I recently came across this quote and knew I had to share it with you:
“People often overestimate what they can accomplish in one year. But they greatly underestimate what they could accomplish in five years.” -Peter Drucker
Why is it so hard to follow through on habits we know will make us better?
Here’s the answer, I think…
Our need for quick results. We want big change, now. And if we don’t get it, we quit. It’s the kind of thinking that makes grand plans for you on December 31st but completely forgets about them by January 27. As humans, we tend to overestimate short term results and underestimate long term ones.
Our relationship with money is no different.
We need to acknowledge our obsession with rarity. As we’ve discussed before, there are virtually no actionable lessons we can learn from the Jeff Bezos and Bill Gates of the world. Yes, they’ve accomplished some admirable things— depending on what you consider admirable, @jeffbezos — but their stories are extremely rare. We need to shift our focus from rarity to consistency.
Shifting that focus is hard because of something called the Narrative Fallacy. That’s why abstract statistical information doesn’t tend to light our fire as much as a good story does. In order to compromise, I think we should find a middle ground and explore a good story about consistency.
An Example: Grandpa Buffett
Here’s an excerpt from one of my favorite books, The Psychology of Money, that demonstrates Warren Buffett’s rare ability to be consistently consistent:
Consider a little thought experiment. Buffett began serious investing when he was 10 years old. By the time he was 30, he had a net worth of $1 million, or $9.3 million adjusted for inflation.
What if he was a more normal person, and by age 30 his net worth was only $25,000?
And let’s say he still went on to earn the extraordinary annual investment returns he’s been able to generate (22% annually) but quit investing and retired at age 60 to play golf and spend time with his grandkids.
What would a rough estimate of his net worth be today? Not $80 billion. $11.9 million. 99.9% less than his actual net worth.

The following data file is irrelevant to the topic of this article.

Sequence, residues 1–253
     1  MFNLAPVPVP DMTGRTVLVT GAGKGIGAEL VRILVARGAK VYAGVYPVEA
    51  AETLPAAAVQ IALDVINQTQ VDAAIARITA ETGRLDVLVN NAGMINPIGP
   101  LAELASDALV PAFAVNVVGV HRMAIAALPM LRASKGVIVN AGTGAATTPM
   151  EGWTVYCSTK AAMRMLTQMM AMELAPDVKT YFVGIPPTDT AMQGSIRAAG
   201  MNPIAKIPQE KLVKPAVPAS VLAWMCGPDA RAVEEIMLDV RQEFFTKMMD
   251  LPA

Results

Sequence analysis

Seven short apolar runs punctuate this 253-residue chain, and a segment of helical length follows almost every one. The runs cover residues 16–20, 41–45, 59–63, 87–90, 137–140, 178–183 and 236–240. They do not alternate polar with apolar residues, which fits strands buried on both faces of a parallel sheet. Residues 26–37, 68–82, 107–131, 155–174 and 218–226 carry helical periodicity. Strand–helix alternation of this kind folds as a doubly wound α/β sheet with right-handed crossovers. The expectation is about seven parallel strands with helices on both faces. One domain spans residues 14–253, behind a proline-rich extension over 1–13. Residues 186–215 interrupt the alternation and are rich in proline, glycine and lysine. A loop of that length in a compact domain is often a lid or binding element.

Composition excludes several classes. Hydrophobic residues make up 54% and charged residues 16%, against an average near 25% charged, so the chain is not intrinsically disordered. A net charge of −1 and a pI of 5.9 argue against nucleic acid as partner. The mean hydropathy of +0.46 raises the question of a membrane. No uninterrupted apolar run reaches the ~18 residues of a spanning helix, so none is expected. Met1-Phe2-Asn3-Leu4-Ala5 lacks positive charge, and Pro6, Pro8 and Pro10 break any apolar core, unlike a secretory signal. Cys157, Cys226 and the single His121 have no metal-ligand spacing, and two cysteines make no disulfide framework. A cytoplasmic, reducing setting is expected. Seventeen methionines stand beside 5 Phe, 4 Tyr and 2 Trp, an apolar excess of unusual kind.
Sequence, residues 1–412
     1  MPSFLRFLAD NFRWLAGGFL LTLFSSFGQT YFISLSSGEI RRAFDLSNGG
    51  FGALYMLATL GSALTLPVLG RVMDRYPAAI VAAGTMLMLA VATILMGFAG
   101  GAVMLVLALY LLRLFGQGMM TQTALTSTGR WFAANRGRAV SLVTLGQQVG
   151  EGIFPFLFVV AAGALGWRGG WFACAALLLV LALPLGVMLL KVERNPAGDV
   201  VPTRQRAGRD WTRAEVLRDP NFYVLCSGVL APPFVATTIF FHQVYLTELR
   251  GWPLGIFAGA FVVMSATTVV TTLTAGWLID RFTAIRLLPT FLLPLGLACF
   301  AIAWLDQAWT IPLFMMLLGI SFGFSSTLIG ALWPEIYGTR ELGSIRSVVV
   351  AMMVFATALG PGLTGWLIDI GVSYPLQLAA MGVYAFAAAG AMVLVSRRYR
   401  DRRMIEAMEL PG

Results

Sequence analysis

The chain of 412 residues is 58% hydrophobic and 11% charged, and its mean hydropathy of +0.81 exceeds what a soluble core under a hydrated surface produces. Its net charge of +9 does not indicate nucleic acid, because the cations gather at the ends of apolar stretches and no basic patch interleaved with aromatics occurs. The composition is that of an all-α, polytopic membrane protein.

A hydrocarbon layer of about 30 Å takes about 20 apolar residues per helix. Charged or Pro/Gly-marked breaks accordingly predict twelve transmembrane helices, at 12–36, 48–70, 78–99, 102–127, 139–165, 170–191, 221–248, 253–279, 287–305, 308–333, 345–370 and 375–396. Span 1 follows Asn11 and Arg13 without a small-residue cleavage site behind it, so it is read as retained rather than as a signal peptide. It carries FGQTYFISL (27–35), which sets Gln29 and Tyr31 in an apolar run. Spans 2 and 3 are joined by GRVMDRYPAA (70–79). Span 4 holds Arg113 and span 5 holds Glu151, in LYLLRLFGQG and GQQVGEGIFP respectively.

Effectively all of Warren Buffett’s financial success can be tied to the financial base he built in his pubescent years and the longevity he maintained in his geriatric years.
Warren Buffet’s skill is investing, but his secret is time and consistency.
Print your transactions, grab your favorite highlighter, and mark the services you don’t use. For example, none of us use cable anymore, right? If you’re still paying for it call your provider and cancel that subscription— better yet, if you can’t imagine life without it… mention you’re thinking of canceling and they’ll usually give you a discount.
Immediately after you close this email, set up a monthly auto-deposit to your savings account. When done, keep searching for wasted money every month and you’re golden 🥇
3) Be flexible.
Be compassionate with yourself— and remember that consistency is virtually impossible without flexibility. It’s okay to cancel your auto-deposit if you had an unexpectedly expensive doctor appointment this month. As Aldous Huxley wrote in Do What You Will, “Consistency is contrary to nature, contrary to life. The only completely consistent people are the dead.”
We’re changing the narrative around money but change can’t happen with a one-sided conversation. That’s why we’re excited to bring different voices and experts to share their wisdom. Send us an email and let us know what you think. And remember the nav.it money app offers you free tools for checking in and managing your money moves.
What does being “roooted” even mean?It means being aware of the immense impact money has on my life and on the world around me. I think the trickiest part is putting that awareness into practice. Save, spend, and invest in ways that align with your values.
What is roooted anyway? We’re a newsletter and community dedicated to making money cool. For most people, when thinking about finance, “cool” is not exactly the first word that comes to mind. We’re trying to change that.
To check out the full newsletter, click the link or check out theWebsite